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Yuka Kadoi. New Perspectives on the Arts of East Asia and Beyond

In the late 19th and early 20th centuries, as East Asian art was incorporated into the major narrative of art history, most studies were confined to the formalistic analysis of the decorative arts, paintings, sculptures and architecture of China, Korea and Japan. This ‘golden triangle’ of East Asian civilization – with China at the top – was therefore for a long time a dominant precept in the history of art, culture and society of the region.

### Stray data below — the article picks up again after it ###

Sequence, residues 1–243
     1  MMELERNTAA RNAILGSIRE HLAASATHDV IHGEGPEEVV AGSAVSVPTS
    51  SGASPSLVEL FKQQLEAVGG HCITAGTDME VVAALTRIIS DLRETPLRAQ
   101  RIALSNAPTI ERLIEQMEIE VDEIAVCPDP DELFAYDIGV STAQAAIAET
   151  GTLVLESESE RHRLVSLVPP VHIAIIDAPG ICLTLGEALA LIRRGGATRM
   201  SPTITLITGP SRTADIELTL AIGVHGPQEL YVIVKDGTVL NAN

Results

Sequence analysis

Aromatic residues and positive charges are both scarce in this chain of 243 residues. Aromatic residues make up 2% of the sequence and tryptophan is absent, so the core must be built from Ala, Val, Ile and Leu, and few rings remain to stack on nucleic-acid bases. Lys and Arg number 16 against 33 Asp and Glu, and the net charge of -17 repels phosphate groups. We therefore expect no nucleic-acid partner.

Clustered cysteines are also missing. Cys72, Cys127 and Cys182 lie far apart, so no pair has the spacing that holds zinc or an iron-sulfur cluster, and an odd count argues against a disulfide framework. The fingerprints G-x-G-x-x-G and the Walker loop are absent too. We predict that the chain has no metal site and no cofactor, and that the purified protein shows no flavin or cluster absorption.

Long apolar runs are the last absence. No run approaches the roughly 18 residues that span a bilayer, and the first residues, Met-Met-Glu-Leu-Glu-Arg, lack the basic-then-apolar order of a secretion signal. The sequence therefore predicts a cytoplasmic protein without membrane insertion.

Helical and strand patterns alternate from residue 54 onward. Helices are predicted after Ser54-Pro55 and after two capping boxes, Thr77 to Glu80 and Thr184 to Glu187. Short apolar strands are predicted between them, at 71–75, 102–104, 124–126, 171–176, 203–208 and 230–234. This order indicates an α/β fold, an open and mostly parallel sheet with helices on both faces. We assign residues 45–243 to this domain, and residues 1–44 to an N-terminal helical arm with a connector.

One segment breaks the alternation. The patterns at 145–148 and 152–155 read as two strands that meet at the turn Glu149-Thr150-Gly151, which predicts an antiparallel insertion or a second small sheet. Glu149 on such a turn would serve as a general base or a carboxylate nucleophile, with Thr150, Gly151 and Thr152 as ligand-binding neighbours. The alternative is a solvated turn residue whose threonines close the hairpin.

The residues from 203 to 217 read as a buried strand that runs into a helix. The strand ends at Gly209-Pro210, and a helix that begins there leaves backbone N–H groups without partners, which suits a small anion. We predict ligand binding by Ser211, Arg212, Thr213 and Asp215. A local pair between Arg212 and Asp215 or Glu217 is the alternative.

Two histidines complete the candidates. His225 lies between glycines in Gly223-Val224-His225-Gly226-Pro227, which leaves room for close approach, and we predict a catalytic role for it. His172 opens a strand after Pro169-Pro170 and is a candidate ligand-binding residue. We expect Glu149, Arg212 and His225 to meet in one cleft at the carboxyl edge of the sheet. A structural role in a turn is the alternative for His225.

Recent interdisciplinary trends in the study of non-Western art have encouraged us to look more widely at several cross-cultural networks, and this academic stance continues to stimulate debate as to whether or not art and its history can be or should be global. This provocative question has emerged as a response to the reassessment of the nature of art history – a discipline that was essentially derived from a 19th century European concept of classicism-driven Kunstgeschichte. With the drastic erosion of cultural boundaries during recent decades, it has become clear that the dichotomy of Western art versus non-Western art is no longer valid: it is therefore increasingly argued that the categorical definition of East Asian art as one unit should be replaced by a much broader, trans-Asian framework. On the other hand, if East Asian art possesses a global significance, how is it possible to utilize the diverse visual and material cultures of the region in the reframing of the complexity and dynamics of civilizational contacts?

 

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